Great
Fathers
Archive
2008
 

Mark Brandenburg has a Masters degree in counseling psychology and has been a counselor, business consultant, sports counselor, and a certified life and business coach. He has worked with individuals, teams, and businesses to improve their performance for over 20 years. Prior to life and business coaching Mark was a world-ranked professional tennis player and has coached other world-ranked athletes. He has helped hundreds of individuals to implement his coaching techniques. Mark specializes in coaching men to balance their lives and to improve the important relationships in their lives. He is the author of the popular e-books, 25 Secrets of Emotionally Intelligent Fathers , and Fix Your Wife in 30 Days or Less (And Improve Yourself at the Same Time ). Mark is also the publisher of the “Dads Don’t Fix your Kids” ezine for fathers. To sign up, go to www.markbrandenburg.com or E-Mail him.

30 Things That Really Matter for Fathers


In the chaos of modern life, it's easy to lose sight of many of the important things you can do as a father. Here's a list of some of the more important ones:

1. Leave something for them - a letter to them, some reflections on their childhood
2. Understand family systems
3. Tell them your stories
4. Have rituals in your family
5. Teach them your values
6. Avoid the bad mistakes - anger is often a culprit
7. Know the stages of your child’s growth
8. Be playful with them, even when they’re older
9. Know your child’s life intimately
10. Treat your wife very well
11. Be physical with them - hugs, wrestle
12. Do nothing with them
13. Know the fundamental errors we make with boys and girls
14. Take care of your life
15. Get them involved in activities
16. Be accepting of all of them
17. Make connections - family and friends
18. Yes, tell them you love them
19. Learn how to process events
20. Teach them how to do one thing really well
21. Push them to do things, but gently and at their pace
22. Notice the beauty in life, closely
23. Teach them they’re not alone - worship
24. Understand that they’re going to have big emotions
25. Be involved in their schoolwork
26. Listen, don’t preach - they’ll come to you
27. Learn the art of closing your mouth
28. Teach them about what you do
29. Have them do chores
30. See them as great, always.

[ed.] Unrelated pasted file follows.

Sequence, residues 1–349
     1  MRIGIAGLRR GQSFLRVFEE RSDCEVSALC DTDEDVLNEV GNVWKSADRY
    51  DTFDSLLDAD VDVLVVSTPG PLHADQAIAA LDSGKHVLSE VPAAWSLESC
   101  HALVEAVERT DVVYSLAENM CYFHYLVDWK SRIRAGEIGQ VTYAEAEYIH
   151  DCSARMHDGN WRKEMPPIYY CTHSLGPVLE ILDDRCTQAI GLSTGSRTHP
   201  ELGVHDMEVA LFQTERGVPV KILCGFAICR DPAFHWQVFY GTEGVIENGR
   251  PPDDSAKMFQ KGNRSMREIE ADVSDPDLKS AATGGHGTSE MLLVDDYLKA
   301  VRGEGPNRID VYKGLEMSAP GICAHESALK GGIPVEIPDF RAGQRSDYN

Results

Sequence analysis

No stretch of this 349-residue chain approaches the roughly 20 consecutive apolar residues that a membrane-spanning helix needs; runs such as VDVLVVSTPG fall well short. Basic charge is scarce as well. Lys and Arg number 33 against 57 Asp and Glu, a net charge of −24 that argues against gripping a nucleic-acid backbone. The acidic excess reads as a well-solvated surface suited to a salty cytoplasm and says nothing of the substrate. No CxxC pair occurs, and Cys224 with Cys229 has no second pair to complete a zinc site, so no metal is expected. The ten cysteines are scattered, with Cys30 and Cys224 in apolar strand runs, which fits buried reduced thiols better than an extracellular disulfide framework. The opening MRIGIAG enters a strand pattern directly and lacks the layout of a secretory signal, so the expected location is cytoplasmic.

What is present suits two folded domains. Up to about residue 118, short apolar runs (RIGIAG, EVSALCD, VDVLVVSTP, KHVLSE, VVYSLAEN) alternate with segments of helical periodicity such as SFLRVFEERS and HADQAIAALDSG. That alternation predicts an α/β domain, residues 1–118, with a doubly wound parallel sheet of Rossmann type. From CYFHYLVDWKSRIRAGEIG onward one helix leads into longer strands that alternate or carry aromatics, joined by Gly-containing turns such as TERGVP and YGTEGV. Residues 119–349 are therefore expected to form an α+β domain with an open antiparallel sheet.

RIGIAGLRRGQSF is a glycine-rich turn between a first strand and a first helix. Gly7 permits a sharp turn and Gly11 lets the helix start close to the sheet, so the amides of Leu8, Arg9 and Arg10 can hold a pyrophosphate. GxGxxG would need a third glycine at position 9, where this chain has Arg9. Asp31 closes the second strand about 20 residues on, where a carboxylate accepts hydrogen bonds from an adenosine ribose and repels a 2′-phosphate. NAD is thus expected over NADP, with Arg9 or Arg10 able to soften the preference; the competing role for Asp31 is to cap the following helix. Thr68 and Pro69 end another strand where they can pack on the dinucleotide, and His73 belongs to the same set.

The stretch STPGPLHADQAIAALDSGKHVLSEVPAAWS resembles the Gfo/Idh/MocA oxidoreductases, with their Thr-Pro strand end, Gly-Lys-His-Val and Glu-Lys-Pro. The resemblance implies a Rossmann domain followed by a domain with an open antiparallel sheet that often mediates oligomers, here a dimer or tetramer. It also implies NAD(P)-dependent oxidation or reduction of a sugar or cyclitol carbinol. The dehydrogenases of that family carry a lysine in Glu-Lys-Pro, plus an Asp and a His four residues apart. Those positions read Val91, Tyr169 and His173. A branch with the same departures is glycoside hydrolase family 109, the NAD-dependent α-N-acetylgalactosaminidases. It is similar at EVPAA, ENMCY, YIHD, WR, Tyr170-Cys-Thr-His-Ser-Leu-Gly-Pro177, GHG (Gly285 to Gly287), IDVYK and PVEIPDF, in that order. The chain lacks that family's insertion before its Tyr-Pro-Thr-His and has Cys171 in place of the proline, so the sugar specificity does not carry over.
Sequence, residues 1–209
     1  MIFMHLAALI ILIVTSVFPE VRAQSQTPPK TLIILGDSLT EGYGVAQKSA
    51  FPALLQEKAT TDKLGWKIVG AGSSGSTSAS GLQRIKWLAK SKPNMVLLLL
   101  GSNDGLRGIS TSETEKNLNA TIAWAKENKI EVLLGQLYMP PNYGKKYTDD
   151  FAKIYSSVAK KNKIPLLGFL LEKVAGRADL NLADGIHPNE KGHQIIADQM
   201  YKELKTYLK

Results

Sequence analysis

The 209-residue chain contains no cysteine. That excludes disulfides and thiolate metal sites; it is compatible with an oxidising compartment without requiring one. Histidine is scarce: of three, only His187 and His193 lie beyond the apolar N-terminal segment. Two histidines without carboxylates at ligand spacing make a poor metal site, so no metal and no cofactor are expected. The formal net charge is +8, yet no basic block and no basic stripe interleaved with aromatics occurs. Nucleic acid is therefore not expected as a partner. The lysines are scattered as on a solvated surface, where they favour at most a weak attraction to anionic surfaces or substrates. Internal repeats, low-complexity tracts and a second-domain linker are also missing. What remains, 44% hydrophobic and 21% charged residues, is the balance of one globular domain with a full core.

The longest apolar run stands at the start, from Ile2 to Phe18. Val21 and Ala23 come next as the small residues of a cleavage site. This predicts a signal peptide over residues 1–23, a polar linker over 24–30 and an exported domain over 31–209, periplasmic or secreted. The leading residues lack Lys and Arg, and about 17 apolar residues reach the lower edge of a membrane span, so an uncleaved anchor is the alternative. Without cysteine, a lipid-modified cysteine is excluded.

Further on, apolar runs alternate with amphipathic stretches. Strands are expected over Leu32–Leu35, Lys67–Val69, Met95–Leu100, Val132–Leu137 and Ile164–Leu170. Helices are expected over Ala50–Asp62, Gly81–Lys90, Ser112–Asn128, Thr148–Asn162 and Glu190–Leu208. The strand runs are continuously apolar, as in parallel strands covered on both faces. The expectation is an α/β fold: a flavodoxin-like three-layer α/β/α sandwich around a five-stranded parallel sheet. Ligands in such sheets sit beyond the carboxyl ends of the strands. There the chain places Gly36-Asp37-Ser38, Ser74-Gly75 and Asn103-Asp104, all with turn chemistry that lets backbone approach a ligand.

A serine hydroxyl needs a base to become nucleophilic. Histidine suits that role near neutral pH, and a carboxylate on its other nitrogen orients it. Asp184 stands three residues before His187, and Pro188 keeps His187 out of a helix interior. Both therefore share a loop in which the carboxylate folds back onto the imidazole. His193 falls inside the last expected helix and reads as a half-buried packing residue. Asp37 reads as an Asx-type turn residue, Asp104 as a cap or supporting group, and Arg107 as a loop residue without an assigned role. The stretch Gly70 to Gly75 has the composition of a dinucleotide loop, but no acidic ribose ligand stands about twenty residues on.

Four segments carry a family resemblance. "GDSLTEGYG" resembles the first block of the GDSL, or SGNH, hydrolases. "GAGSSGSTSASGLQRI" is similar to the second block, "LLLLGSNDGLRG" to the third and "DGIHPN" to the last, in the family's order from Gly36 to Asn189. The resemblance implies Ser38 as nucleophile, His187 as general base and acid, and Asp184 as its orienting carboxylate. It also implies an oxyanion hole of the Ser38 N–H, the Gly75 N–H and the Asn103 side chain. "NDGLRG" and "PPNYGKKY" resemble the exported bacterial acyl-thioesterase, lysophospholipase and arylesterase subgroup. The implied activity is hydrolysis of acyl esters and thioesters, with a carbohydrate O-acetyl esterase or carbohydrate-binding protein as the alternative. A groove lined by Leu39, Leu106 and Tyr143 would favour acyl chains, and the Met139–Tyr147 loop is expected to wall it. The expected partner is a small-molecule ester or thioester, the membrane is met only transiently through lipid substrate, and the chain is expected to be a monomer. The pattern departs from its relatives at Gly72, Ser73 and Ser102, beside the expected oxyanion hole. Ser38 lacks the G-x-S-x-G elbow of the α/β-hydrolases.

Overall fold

10 Ways to Avoid Arguing With Your Wife


As soon as my wife said it, I could feel the tension.

My “trigger point” had been hit, and an argument was waiting to happen. But our kids happened to be in the same room. And if you listen to the experts on parental conflict, you learn that arguing in front of the kids is something to avoid.

"Many parents think that kids get used to parents' arguing, but that is not true," says Mona El-Sheikh, a psychology faculty member at Auburn University, who researches how aggression between parents affects children. El-Sheikh says most parents don't understand the damage they can do to their child if they argue frequently, and the child can hear or see.

"Many parents think that children will understand that parent's are just letting off steam, or that the child will not remember, but that is not true," she says. “Kids who are exposed to repeated conflict are sensitized to arguments, not desensitized.”

And while arguments can be done with less anger and more negotiation, most arguments do your kids a great disservice. To limit the arguing you have in front of your kids, here are some ideas:

1. Be concerned with being kind more than being right. If you’re kind to your spouse and treat them well, you'll experience fewer arguments.

2. Develop the fine art of keeping your mouth closed. There will be many occasions when you'll want to respond to a comment your spouse has made, and an argument is waiting to happen. Take a hard swallow, and notice that no argument occurs.

3. Talk with your spouse about making the effort to avoid arguments. Have a specific plan in place you both agree on when things gets tense. If you know you’re both committed to improving, it's easier to stay committed.

4. Raise your own standards. What kind of person do you really want to be? In view of how useless arguing is, wouldn't you rather hold yourself to a high standard, and spend time doing something else?

5. Just walk away from the argument. Walking away allows you some time to gather your thoughts and to cool down. When your perspective is better, you can continue the discussion from a more objective place.

6. Date your spouse regularly. A lot of arguments result from things that haven't been fully explored. It’s crucial to have a way to stay up to date, and create rituals that have the two of you talking. Make the time sacred.